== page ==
I have work I want to do and work I need to do.While I'm not sharing details yet, I have several projects "simmering on the stove," and they're starting to come together. I have a real passion for the goals I have now. I've made promises to try and help friends accomplish goals as well, and I also want that to mean something. Each of these various goals, however, are making me work for it. (This is where, on Twitter, I'd plug in an emoticon. It's sad to realize that those will soon be acceptable in text to a large segment of the populace. Not my segment, but a segment.)  It's a lot of work,  but very positive. I'm also looking at a couple upcoming delivery deadlines.

Tomorrow night, after work, I'm going out with my sweetie to the Symphony. We got some free tickets as a Klout promotion, making for a classy (and affordable) evening of culture. The timing's also perfection as Sunday we mark an 18 month anniversary. (I've been busy enough that such a milestone nearly went by without my noticing. Catching it, I know I can still see the big picture.)

This is why, tonight, a half hour after I started writing this, I'm about to turn back to barreling through work. I'm mentally recharged now, and I thank you for taking the break with me. I'll keep going until midnight, or later, to serve my projects and goals. It's important I find the time and energy to accomplish that, because tomorrow night I want to be fully present. Isn't enjoying our time spent with loved ones what makes all this work worthwhile?

Friday, January 6, 2012

One A Week Movies #1: Curse of the Crimson Altar (the Crimson Cult)

Boris Karloff, Christopher Lee, Barbara Steele, and Michael Gough? Yes, please!

The Curse of the Crimson Altar, known as The Crimson Cult in the US, is an old-school Sixties horror flick that must've felt racy at the time (Nudity! Psychedelia!) and remains charming today.

"...and drugs of this group can produce the most complex hallucinations, and under their influence it is possible by hypnosis to induce the subject to perform actions he would not normally commit. (Extract from a Medical Journal)"

Any movie that opens with that quote then fades to a green-painted Barbara Steele in a golden ram's headdress presiding over a topless woman in black leather pasties whipping another woman as part of a ritual to get a man to sign his soul away... you know is a treat.

When Robert Manning (Mark Eden) realizes his brother Peter, the man in the ceremony, has been missing for ten days, he heads off to find him. Craxton Lodge in Graymarsh, however, is the center of a Witches night celebration, which involves men in sportscars trying to run down women in body stockings. It also requires young adults holding the kind of seemingly-racy-but-actually-rather-innocent orgiastic party people only have in movies... unless I'm running with entirely the wrong crowd. The party's host, Mr. Morley, is a delightfully dry and withdrawn Christopher Lee. He, along with vixen niece Eve (Virginia Wetherell) and creepy butler Michael Gough, quickly seduce Robert into staying at their large manor home.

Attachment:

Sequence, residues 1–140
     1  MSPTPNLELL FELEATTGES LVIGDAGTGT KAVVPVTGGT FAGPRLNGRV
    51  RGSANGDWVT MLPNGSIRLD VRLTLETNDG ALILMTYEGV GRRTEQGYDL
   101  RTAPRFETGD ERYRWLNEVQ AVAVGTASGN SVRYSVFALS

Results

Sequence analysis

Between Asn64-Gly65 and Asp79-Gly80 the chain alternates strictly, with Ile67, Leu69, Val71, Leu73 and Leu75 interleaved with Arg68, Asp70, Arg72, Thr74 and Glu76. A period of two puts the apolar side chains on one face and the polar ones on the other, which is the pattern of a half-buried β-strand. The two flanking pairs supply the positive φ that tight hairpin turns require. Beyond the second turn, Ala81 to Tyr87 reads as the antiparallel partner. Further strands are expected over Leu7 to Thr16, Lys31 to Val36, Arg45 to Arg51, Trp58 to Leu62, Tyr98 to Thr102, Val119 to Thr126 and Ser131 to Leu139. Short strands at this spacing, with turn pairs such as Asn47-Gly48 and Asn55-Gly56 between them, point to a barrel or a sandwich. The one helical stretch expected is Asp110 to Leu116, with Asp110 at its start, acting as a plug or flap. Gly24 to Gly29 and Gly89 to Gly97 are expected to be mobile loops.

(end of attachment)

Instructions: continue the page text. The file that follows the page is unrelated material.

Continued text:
(Delicious camp and a green chick ripe for Captain Kirk's plucking... after the break!)

Wednesday, January 4, 2012

The 2012 Project: New Years Resolutions (or: You've Gotta Make Clutter to Eliminate Clutter)

Two bookshelves, or " one more thing that needs organizing"
New Year's Resolutions. The umpteenth post you've seen on them in the last two weeks. I humbly beg your indulgence on what is to follow...

Every year I start right out of the gate ready to change. The plan is to improve every part of my life I have an issue with, turning it into some idealized, imaginary version. You can guess how well that works. Much like me, I'm sure you generally forget you resolved to attempt any changes by, oh, January 15th? (At least, I think that's the day all the new members stop going to the gym...)

This year, however, I'm going about it in a slightly different way. It's a quest that's as much about self-improvement as it is being responsible about completing the tasks I set out to do. I'm calling it "The 2012 Project," and I'm really the big project.

I used to make a big, long list of things I aspired to do in the new year. It was "clean the office, clean the basement, paint the basement, clean the medicine cabinet, reorganize the blah-blah-blah," all without rhyme or reason... and that doesn't work. I wind up overwhelmed by this laundry-list of minutia that doesn't really take into account how work gets done. If I wasn't doing it in December, why did I think I would do it in January?

So this year I'm going to share some of this with you, so we use the power of public scorn... I mean, "accountability," if I get off track. Yes, I bet a lot of people do do this, and no, I don't know how many of them succeed, but let's give it a spin.

First, instead of just a big list that you can't crack because it has no real organization, the hierarchy is in place with three umbrella ideas:
  • Business
  • Organize
  • Health
These then each drill down into some smaller goals. "Business" covers a few biggies, though, as far as "smaller goals" go: full-time work, ramping up my freelancing, and working on my writing.

Simple projects around the house and bettering my head fall under "Organize." This is everything from working on the office and filing to getting back into the habit of reading. It's a pleasure I cherish, and I've somehow lost the thread when it comes to doing it. Books are a pleasure, not just a stack of clutter in need of sorting.

(Embarrassing details about my life and home... after the break!)

Tuesday, January 3, 2012

Teasing The 2012 Project

Just a teaser in regards to my first upcoming post in "The 2012 Project." It's a photo of my tidy, tasteful, comfortable and functional office from back in April of 2008. Sadly, you can't see the desk, but soon, you'll see some sadder pictures of what happened here... and hear what I intend to do about it...